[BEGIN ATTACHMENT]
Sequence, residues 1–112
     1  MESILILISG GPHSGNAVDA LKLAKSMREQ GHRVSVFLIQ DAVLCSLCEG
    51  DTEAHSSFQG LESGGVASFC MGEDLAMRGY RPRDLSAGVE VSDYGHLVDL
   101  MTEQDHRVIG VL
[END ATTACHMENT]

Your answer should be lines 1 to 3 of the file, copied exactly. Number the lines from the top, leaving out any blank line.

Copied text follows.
Sequence, residues 1–112
     1  MESILILISG GPHSGNAVDA LKLAKSMREQ GHRVSVFLIQ DAVLCSLCEG
    51  DTEAHSSFQG LESGGVASFC MGEDLAMRGY RPRDLSAGVE VSDYGHLVDL